Are you in the market to buy or sell real estate and wondering how the Coronavirus is going to affect the market? Should you move forward or press pause?
The short answer is that no one has a crystal ball and can say for certain. Even the world’s most equipped expert economists failed to see the Great Recession of 2008 coming. There’s absolutely no doubt that this global pandemic will have far-reaching economic impacts, but the extent of that impact depends on so many factors, the most important being how long this ordeal lasts.
What we do know is that recessions are an inevitable and a natural part of the economic cycle. A booming economy will always lead to a recession simply because an economy cannot continue to expand eternally. While no one can say with absolute certainty where we’re headed, the following are indicators that an impending recession is likely:
- It’s been over 10 years since our last recession. The economy has been in boom mode and it could be time to course correct.
- While not the best barometer, the S&P 500 is down 16.9% so far this month. That’s pretty major. We’re on pace for it to be the worst month since since October 1987. The DOW tanked 3,000 points today, its second worst day in history.
- Oil Prices are collapsing and experts say we’re headed toward the largest ever crude surplus in history.
- 10-year Treasury Yields are at an all-time low.
DON’T LOSE HOPE JUST YET! A NEW RECESSION WILL PROBABLY BE RADICALLY DIFFERENT FROM THE LAST ONE
In the last few days we’ve heard quite a few stories of buyers getting cold feet. The housing crash that spurred the Great Recession is still too fresh a memory. It’s crucial to understand that the circumstances surrounding the Great Recession and the circumstances we find ourselves in today are vastly different. The lenient lending requirements of the early 2000’s put many buyers into homes that they couldn’t afford.
Heres how that went down:
Lenders made loans at ridiculously low teaser-rates ➡️Later when those rates adjusted up, buyers couldn’t afford their payments ➡️ Unprecedented numbers of homeowners defaulted on their loans ➡️ Foreclosures when through the roof ➡️ Home prices tanked ➡️ The whole housing market went to hell ➡️ Investors, hedge funds, banks, anyone with any interest in mortgage backed securities lost boat loads of money ➡️ Recession.
All of that to say, the housing market crash caused that recession. The recession did not cause the housing market crash. The good news is that historically, the impact that recessions have on housing is no where close to what we saw in 2007-2009. Chances are, the situation would look a lot different this time around. In fact, during every recession in the past 40 years (with the exception of the Great Recession) the FHFA U.S. house price index rose by an average of 7.4 percent in the year prior to a recession and prices rose an average of 2.7 percent from the start of a recession to the end. Further strengthening our housing market, lending requirements over the past decade have been so regulated and so much more stringent that homeowners are undoubtedly in a much better financial position than they were before. So much so, that the large amount of equity homeowners currently have in their homes may actually provide a cushion in the next economic downturn.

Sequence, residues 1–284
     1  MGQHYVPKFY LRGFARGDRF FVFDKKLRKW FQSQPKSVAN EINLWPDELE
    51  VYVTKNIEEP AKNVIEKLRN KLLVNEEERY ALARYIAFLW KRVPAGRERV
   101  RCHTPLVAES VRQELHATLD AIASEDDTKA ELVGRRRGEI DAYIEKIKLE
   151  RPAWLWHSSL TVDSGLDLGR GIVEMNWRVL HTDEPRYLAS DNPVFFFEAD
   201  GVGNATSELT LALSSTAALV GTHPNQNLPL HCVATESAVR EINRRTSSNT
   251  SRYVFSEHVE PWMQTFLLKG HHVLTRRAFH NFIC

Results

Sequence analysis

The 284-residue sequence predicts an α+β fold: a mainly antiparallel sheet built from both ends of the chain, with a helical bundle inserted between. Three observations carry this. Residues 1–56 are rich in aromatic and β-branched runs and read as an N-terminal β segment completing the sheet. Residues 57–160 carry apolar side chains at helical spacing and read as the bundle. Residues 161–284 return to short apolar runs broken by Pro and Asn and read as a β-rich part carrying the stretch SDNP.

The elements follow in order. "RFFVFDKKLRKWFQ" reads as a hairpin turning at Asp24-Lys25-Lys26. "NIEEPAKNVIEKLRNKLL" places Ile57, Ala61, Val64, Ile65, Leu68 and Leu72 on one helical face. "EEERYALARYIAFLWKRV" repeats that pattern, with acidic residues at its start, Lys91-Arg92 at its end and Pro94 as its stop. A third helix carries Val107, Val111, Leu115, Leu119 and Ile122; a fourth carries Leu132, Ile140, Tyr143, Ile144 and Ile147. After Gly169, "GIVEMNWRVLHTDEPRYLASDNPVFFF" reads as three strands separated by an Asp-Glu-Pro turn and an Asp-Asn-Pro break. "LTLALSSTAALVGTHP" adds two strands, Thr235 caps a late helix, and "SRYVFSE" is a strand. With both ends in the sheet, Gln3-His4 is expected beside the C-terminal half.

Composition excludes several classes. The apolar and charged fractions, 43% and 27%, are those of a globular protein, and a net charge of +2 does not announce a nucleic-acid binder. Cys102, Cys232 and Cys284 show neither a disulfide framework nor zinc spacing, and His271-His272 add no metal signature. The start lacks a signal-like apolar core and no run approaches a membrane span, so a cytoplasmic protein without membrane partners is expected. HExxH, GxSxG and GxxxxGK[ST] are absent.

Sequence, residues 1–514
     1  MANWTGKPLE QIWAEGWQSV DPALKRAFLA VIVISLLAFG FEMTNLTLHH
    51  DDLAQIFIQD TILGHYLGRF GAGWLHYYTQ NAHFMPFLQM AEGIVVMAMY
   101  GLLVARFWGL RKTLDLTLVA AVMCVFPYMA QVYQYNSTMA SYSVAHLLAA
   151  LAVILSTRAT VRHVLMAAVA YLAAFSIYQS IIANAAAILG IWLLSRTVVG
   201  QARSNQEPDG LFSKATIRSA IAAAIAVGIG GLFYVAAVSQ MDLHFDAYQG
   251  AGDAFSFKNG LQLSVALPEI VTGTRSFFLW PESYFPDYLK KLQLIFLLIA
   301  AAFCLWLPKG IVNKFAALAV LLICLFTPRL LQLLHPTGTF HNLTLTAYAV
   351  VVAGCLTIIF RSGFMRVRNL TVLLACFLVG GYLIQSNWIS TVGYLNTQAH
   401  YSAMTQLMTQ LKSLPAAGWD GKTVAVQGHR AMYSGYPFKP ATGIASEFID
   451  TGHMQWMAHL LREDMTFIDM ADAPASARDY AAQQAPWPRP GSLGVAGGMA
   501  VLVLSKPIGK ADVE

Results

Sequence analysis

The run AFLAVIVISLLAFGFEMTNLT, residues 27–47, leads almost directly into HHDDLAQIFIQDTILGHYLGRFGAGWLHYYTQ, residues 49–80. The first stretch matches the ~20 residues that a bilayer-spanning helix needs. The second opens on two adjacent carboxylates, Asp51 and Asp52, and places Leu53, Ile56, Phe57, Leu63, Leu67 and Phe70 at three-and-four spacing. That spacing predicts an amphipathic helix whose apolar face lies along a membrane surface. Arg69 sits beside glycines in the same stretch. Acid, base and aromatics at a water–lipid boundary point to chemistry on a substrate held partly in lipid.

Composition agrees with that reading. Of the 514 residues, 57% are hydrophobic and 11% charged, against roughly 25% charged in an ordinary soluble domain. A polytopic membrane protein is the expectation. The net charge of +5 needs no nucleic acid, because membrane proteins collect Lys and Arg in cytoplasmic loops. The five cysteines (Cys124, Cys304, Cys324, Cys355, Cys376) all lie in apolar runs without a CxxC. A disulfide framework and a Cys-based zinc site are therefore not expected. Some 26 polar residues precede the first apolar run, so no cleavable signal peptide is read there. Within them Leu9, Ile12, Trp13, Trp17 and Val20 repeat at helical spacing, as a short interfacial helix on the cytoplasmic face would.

TO MAKE A LONG STORY SHORT
Without a crystal ball we have to make our best guess based on historical data and current market conditions. Previous recessions tell us that the next recession is likely to be far less severe on the housing market than the last one. More than likely, home price declines will be minimal and interest rates will remain low. Buyers may be hit a little harder than homeowners due to increased unemployment and more stringent lending requirements.
So is now a good time to sell? It is, but don’t make your decision based on panic that the market will crash. We’d advise to proceed as you normally would. And as always, take advantage of the seller savings options that we provide our seller clients. We save our sellers an average of almost $7,000 per transaction.
Is now a good time to buy? Interest rates are already at near-record lows and we expect housing prices to remain mostly stable, so it’s still a great time to buy. Our advice is to press pause and see how things develop over the next couple of weeks if you feel that your job is not recession-proof and if you don’t have the funds on hand to cover your mortgage and living expenses for 3-6 months if you were to become unemployed.
We’d love to hear your thoughts about the current situation! And as always, if you have any questions you can reach us at 281-691-6177 or firstname.lastname@example.org.